> >
> > This is a rather strange way to do science, and only the kind of game
> that
> > a bully would employ. Is there any kind of evidence that it could be
> said
> > "unguided evolution" could not do that?
> >
> > What a more civilized approach would be is that evolutionary mechanisms
> > were clearly defined so that what is likely and what is not might be
> > become clear. This would entail, for example, temporal stochastic
> > equations. Is the abrupt arisal of species a problem for unguided
> > (whatever one means by that) evolution or not? It doesn't seem to me
> that
> > evolutionary biology is prepared to even address the question
> > intelligently.
> >
> > How can there be honest theory comparison when the theory is so vague?
> >
> > ID can also be required to be more explicit. It needs to describe in
> > detail a story, which is nothing more than evolution offers. The story
> > would describe, for example, what are the minimal capabilities and steps
> > required for a Guide to act.
> >
> > Comparing an explicit evolutionary mechanism and a guided one could be
> > fruitful. For one, the guided story is one that could be possibly
> > employed by human agents. The process of putting it together permits
> > dialog between the two. One supporting a guided mechanism might argue
> > that such and such step was entirely unlikely given available resources.
> > In ths same the unguided advocate might argue that such and such a step
> > might be accomplished without guidance, and here's how.
> >
> > In developing explicit guided mechanisms and paths, perhaps new
> > definitions and understanding of what is guided and what is not will
> > arise. For now it is vague.
> >
> > As far as I can tell there is no good evidence available to distinguish
> > guided from unguided evolution. I don't see why "pseudogenes" are any
> > better off in this regard. They appear to adopt a position that you
> > oppose: an argument form ingnorance. Just because we know of no "reason"
> > that a "pseudogene" would exist does not imply that some "reason" might
> be
> > later found. So all that can be said is that no "reason" is known YET.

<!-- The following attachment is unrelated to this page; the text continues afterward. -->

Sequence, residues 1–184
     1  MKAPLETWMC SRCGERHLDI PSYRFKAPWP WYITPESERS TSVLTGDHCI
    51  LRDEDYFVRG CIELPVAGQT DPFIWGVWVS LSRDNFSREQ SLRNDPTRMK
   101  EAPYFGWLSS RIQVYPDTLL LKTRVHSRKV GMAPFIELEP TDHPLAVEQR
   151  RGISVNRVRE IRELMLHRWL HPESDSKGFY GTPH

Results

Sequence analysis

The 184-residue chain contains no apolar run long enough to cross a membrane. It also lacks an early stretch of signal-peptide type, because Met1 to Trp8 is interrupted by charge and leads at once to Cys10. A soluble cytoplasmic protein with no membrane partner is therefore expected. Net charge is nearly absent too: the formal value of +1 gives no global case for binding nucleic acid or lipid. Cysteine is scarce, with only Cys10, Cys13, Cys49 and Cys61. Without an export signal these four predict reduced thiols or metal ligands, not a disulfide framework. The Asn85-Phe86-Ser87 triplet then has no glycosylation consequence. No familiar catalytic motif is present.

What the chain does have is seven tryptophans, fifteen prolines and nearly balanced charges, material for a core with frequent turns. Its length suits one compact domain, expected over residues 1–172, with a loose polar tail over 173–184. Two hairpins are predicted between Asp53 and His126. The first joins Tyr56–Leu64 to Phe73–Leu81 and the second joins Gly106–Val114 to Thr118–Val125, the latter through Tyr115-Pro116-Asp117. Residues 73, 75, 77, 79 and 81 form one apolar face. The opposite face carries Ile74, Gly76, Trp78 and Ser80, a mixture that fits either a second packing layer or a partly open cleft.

> > Sound familiar? What is more, unless you know God or all putative
> > designers better than I do, I don't see how you (or anyone) can say that
> > "pseudogenes" were not intentional.
> >
> > The argument begins to look like Antony Flew's Invisible Gardener. One
> > might ask what is the difference between and invisible Gardener and no
> > Gardener at all, or what is the difference between an invisible designer
> > (guided evolution) and no designer at all (unguided evolution). But I
> > take from Flew's argument something different from what he intended. All
> > his argument suggests to me is that given the evidence provided I have no
> > reason to prefer a Gardener or none at all.
> >
> > Frankly, I think, if one must proceed along these lines, that the
> evidence
> > better supports a guided universe. The only argument offered in Flew's
> > case to prefer no Gardener at all is Occam's Razor. But I take this to
> be
> > an epistemological criterion, and see no reason for it to bind ontology.
> > Indeed, if it did, it would argue for a Gardener.
> >
> > bill
> >
> > On Wed, 14 Oct 2009, Dehler, Bernie wrote:
> >
> >> William Paley used the 'watchmaker analogy' to demonstrate the idea of
> >> intelligent design. We can just tell, by looking at nature, that things
> >> are obviously designed by God by fiat, such as man, because of their
> >> complexity.
> >>
> >> Darwin creates a stir with an alternate hypothesis of man's creation via
> >> biological evolution instead. It is a competing hypothesis. Evolution
> >> has now won, for explaining the biological creation of man, because of
> >> DNA evidence like pseudogenes.
> >>
> >> So my question: Isn't Behe's 'moustrap' irreducible complexity the same
> >> EXACT situation? It is basically saying since we don't know how it could
> >> have evolved, therefore it was intelligently designed (by God or
> aliens).
> >> The only difference is that Behe goes into great detail trying to
> explain
> >> how it can't be done by known "Darwinistic evolutionist" mechanisms, but
> >> Paley could have (and maybe did?) done the same thing (explaining
> why/how
> >> known science of his day could not explain evolution for humans).
> >>
> >> I would like to know what is so different about Behe, compared to Paley.
> >> Paley has a 'complexity' argument with the watch, and Behe introduces
> >> irreducible complexity, but both are proposing ID because known science
> >> can't explain it... yet.
> >>
> >> It is interesting to me that Paley's argument for the biological
> creation
> >> of man is not discarded because it is wrong with the idea of complexity,
> >> but because the evolutionary process has evidence "beyond a reasonable
> >> doubt." So complexity may still be a valid way to detect ID, yet in
> this
> >> case, it turned out wrong as science accumulated more facts. It could
> be
> >> the same with irreducible complexity. A valid way to detect ID, yet
> >> disproven in the future when more facts become available.
> >>
> >> But what is the evidence to prove irreducible complexity? It seems like
> >> the only evidence is "evolution can't do it or explain it... yet."
> >>
> >> ...Bernie
> >>
> >
> >
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Received on Fri Oct 16 23:24:30 2009